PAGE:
@Whalefallen:

            I’d say keep trying if you think there’s some remedy that might yet work. I wasn’t getting the impression there was one from what you said, so I gave the advice I did. I want to re-emphasize, you can always stay friends.

            To all three of you:

            Romantic relationships are valuable and precious, but it’s possible to move on and find others. You can get more than one in this life. If there’s no kids in the relationship, then there’s nothing lost but memories.

    • rlms says:

      Could you ask her to try to change her scent?

      • entobat says:

        This seems like the obvious low-cost first attempt, and I was surprised to see it unmentioned in the OP. Why not have her buy a nice perfume, and for good measure also switch body wash / shampoo? (Shampoo is probably particularly important.)

        Maybe after a while your aversion to her original scent will be dampened due to a long period of non-exposure, and she can even go back if she wants.

        • entobat says:

          Can’t seem to edit comment, but want to say that “have her buy a nice perfume” should be worded in a way that does not necessarily suggest that the gf bear the entire cost of this scent-change plan.

          • Matt M says:

            Yes. It also probably couldn’t hurt to change your own shampoo/deodorant/cologne as well, just to have different scents around you all the time in general.

        • Whalefallen says:

          Sorry, forgot to mention it. We’ve tried introducing new hygiene products before, but there seems to be a strong contextual element to the aversion, where even previously neutral or pleasant smells become anxiety-provoking as they become associated with her. For instance, a new shampoo that I enjoy the smell of in the store can become a trigger for the anxiety a few days after she starts wearing it.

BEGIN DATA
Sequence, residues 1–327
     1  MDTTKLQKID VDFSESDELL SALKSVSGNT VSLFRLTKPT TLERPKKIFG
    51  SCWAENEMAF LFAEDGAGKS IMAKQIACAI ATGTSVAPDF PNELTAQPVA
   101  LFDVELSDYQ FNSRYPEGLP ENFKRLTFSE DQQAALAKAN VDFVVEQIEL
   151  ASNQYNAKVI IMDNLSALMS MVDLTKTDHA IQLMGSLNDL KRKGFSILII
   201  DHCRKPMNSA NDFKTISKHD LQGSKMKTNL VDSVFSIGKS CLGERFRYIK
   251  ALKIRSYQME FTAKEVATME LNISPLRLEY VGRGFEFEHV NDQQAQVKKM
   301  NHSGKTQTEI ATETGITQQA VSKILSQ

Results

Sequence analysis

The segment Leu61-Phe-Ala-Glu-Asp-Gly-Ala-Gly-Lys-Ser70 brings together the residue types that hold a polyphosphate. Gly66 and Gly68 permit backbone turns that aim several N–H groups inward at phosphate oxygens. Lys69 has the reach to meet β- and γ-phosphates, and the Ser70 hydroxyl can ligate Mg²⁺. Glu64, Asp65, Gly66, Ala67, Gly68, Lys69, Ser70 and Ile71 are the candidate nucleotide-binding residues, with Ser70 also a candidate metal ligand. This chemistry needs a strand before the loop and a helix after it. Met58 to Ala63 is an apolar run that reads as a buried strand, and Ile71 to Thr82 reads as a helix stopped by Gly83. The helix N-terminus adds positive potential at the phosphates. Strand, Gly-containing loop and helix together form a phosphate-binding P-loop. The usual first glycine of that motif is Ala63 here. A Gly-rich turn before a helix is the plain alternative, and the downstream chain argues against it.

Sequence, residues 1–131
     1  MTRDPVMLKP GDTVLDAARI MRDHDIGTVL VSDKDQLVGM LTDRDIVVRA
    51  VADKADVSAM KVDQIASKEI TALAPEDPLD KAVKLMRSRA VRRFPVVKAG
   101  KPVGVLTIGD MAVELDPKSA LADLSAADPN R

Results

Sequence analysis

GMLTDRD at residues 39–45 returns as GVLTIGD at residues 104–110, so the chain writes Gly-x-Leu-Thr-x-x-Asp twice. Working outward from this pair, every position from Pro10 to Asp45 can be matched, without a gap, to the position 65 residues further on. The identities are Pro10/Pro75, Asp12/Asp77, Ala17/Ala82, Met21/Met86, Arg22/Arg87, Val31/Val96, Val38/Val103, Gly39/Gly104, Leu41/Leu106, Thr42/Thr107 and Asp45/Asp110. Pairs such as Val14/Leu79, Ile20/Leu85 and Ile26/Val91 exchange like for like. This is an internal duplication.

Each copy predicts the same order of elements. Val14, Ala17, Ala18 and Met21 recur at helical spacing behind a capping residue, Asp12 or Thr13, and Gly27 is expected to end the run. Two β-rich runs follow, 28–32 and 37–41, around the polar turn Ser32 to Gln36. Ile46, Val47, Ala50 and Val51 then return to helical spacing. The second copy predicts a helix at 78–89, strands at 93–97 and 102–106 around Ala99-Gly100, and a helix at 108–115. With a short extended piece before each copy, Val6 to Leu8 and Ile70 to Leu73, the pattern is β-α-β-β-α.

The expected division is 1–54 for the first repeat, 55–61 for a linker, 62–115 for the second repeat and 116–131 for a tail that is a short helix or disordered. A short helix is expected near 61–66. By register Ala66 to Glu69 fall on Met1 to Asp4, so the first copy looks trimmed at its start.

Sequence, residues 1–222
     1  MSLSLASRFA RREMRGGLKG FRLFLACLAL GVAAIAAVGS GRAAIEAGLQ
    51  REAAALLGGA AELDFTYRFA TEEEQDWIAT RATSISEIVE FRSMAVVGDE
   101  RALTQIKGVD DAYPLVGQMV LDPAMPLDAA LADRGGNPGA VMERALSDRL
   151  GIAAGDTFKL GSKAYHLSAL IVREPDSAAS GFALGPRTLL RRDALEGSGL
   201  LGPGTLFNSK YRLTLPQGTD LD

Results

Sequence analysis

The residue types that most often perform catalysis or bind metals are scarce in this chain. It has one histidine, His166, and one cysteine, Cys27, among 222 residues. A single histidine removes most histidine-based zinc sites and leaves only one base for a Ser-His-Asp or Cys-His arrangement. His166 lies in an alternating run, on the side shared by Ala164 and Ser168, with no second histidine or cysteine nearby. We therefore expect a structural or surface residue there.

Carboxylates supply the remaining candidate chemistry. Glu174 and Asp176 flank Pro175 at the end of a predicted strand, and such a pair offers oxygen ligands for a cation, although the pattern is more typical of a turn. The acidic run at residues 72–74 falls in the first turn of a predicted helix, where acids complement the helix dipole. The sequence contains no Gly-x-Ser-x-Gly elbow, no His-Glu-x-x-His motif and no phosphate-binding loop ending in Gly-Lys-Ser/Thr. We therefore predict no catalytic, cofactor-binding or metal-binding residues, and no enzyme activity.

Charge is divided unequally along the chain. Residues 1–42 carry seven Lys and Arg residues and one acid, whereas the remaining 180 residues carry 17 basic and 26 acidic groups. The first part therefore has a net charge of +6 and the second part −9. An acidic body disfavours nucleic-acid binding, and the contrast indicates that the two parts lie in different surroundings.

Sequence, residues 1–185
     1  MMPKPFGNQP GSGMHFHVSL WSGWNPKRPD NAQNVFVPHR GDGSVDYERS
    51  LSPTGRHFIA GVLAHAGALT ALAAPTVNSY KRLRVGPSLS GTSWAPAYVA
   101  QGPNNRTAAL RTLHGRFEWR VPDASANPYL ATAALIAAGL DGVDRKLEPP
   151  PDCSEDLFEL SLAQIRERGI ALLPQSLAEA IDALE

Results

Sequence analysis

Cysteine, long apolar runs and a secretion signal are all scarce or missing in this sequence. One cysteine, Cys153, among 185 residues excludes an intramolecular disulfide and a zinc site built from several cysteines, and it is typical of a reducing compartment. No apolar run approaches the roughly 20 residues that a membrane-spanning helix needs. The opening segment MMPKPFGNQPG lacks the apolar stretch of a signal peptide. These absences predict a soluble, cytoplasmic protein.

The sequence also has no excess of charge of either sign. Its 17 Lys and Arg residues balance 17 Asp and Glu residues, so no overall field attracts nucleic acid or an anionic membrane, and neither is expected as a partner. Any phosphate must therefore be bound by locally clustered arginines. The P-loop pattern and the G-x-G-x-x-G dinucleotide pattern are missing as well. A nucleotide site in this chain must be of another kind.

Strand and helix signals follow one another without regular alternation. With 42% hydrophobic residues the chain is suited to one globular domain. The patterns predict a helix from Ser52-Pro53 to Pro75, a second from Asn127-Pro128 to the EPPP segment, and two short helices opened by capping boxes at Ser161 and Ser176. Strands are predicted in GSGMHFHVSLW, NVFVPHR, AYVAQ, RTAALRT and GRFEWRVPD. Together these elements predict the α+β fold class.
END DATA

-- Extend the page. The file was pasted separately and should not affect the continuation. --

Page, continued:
It’s positively ridiculous at times. I’ve even had anxiety attacks from smelling my own dried saliva on her neck after kissing her!

          I didn’t explain it well in the OP, but when I talk about her scent/s, it actually seems to be just about any scent that emanates from her. Some become stronger triggers than others, though.

          • entobat says:

            That…seems tough. Perhaps try exposing yourself to those smells intentionally while doing activities that you enjoy? Other than that I’ve got nothing.

            This sounds weird enough to be “ask beg a doctor” territory.

    • Mark says:

      Exposure therapy. Take a holiday together and sniff her continuously whilst in otherwise relaxing surroundings.

      Or clothes peg on nose until you forget the association?

      • Whalefallen says:

        Yeah, we’ve done a ton of concentrated exposure therapy, though only at home. We also did visit Paris together recently, but we only interacted normally while there. Might be worth trying some focused exposure the next time we’re on a trip together.

        Heh, I actually bought a few swimmer nose clips to use whenever the anxiety became too overwhelming. It felt as though it would worsen the anxiety in the long run by avoiding it, though, plus they hurt my nose. Also not particularly socially accepted to wear in public.